The theme of Coinbase’s Winter 2019 Hackathon was “Bring DeFi to the World” which is kind of crazy considering they are one of the most centralized entities in crypto. Coinbase is a centralized exchange that abides by tight regulation and operates a centrally backed stablecoin, USDC, with Circle.
The hacking continues on day two of our Winter 2019 hackathon. With dozens of projects focused on bringing DeFi to the world, we're inspired by the energy and excitement from our teams around the globe. pic.twitter.com/FRG7xMlK7C
— Coinbase (@coinbase) December 11, 2019
DeFi vs. Coinbase
DeFi, or decentralized finance, aims to compete with Coinbase in all aspects other than onboarding. Ironically, Coinbase likely sells many Ether tokens that are part of the relatively large locked value of the DeFi ecosystem.
The most obvious sector where Coinbase and DeFi compete is in personal finance. They both allow users to earn interest on tokens, and DeFi gives much higher APR. In 2019, Coinbase started allowing USDC holders to earn interest on any tokens lying in their portfolio with an APR of 1.25%.
Dharma, an app that requires users to sign up with their Coinbase account, offers 3.6% APR on USDC with little difficulty. They are able to offer higher interest by using Compound, a decentralized lending pool. All it takes to earn more interest in this situation is to take the USDC you have on Coinbase and send it to your Dharma address.
Another way that Coinbase competes/cooperates with DeFi is that they, along with Circle, created a stablecoin. At the same time, they sell the Dai stablecoin on their platform. Dai uses an algorithm and incentives to keep the token pegged to the dollar while USDC is backed 1:1 by USD. USDC cremes Dai in total market cap, but Dai has been gaining notoriety in recent months. On top of that, DeFi lending pools often offer more interest for Dai holdings than USDC.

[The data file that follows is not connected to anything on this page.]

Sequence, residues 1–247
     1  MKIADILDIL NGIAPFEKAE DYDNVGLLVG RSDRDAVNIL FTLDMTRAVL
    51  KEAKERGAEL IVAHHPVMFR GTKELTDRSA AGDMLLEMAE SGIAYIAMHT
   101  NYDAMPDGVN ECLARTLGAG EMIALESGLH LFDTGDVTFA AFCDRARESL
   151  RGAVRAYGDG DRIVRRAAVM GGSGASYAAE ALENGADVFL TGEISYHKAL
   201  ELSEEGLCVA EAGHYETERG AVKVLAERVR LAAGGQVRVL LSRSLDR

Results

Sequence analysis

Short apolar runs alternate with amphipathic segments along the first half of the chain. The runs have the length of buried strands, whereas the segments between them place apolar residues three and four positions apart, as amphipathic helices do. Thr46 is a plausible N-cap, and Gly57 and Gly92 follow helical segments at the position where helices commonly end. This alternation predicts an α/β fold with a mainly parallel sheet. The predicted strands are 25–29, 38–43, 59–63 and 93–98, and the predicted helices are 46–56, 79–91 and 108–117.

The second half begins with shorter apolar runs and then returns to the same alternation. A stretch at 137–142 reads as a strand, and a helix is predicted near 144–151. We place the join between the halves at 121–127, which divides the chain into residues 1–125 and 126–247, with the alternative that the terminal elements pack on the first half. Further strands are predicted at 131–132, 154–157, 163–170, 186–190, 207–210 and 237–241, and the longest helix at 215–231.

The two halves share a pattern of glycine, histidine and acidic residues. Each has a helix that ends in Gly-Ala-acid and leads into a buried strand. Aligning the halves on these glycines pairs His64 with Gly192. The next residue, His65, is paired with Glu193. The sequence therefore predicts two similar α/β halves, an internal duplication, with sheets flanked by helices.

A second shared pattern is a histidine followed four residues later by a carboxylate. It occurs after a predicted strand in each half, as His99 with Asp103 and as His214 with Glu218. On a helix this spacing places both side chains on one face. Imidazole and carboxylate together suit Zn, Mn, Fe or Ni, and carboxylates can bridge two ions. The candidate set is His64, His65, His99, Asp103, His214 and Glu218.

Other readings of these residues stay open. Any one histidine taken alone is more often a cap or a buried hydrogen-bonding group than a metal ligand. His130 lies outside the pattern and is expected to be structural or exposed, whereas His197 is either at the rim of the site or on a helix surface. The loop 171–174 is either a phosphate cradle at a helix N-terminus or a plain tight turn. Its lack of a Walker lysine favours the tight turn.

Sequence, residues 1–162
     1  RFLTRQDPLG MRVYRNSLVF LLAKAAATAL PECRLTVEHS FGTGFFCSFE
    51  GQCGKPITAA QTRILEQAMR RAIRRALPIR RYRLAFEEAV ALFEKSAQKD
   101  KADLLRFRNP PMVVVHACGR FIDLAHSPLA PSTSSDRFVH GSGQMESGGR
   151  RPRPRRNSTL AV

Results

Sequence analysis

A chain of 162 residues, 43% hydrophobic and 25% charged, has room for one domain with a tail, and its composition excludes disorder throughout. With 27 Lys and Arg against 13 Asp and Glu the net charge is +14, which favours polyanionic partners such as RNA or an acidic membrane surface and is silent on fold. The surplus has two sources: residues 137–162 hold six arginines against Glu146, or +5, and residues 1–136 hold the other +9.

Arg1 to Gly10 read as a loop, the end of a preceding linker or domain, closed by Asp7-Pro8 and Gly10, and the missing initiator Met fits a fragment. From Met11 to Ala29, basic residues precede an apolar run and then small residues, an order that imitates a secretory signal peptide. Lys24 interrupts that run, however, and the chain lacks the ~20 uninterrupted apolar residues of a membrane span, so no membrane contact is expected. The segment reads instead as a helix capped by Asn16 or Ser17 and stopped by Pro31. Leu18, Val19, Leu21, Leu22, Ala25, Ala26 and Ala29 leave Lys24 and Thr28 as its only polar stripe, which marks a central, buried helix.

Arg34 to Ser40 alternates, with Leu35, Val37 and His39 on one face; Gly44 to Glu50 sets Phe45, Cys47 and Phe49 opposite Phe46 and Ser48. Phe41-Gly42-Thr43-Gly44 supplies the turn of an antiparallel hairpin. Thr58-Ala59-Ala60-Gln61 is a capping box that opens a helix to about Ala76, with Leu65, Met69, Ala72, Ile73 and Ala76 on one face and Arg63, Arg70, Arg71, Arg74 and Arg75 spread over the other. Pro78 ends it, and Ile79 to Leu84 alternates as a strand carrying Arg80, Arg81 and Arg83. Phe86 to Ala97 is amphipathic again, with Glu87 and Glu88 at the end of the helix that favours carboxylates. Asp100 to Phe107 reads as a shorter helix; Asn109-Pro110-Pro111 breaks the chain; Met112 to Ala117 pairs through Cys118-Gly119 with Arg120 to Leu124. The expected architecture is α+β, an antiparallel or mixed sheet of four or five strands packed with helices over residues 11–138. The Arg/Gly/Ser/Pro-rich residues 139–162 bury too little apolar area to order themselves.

And finally, they compete because Coinbase is a centralized way to exchange tokens, where as DeFi offers a way to do that straight from one wallet to the other. Exchanges like Uniswap or even aggregated exchanges like DEX.AG act as a forum for users to match orders with each other. Coinbase and other centralized exchanges always win in terms of slippage, but someone who values privacy and decentralization will likely opt for a decentralized exchange.
Is Coinbase promoting DeFi for the culture?
“DeFi, or decentralized finance, is an essential part of an open financial system. DeFi tools are censorship-resistant, unbiased, programmable, and available to anyone with a smartphone. For this hackathon, we’re focusing on bringing DeFi to the world. (Costumes not required.)” – Coinbase
This quote from Coinbase is advertising the opposite of what Coinbase is. Maybe they have accepted the role they play in the space, but as enthusiasts of decentralization, they appreciate breaking boundaries in finance.
One thing that is forsure, is Coinbase has been keen on decentralized projects. ChainLink is a decentralized oracle service, 0x is a decentralized liquidity tool, Dai is a decentralized stablecoin, and ofcourse, Ethereum is the platform to build dApps. Also, the aforementioned projects are on the bottom half of the ranks on Coinbase in terms of market cap, which could imply that Coinbase is sort of sticking their neck out for the ideas.
My theory is that like many others, Coinbase finds DeFi to be one of the more interesting and tangible things coming out of Blockchain tech. I am a bit biased, but listing 0x and Dai doesn’t seem like a decision that was made to rake tons of money and new users in. It seems more like a long-term bet.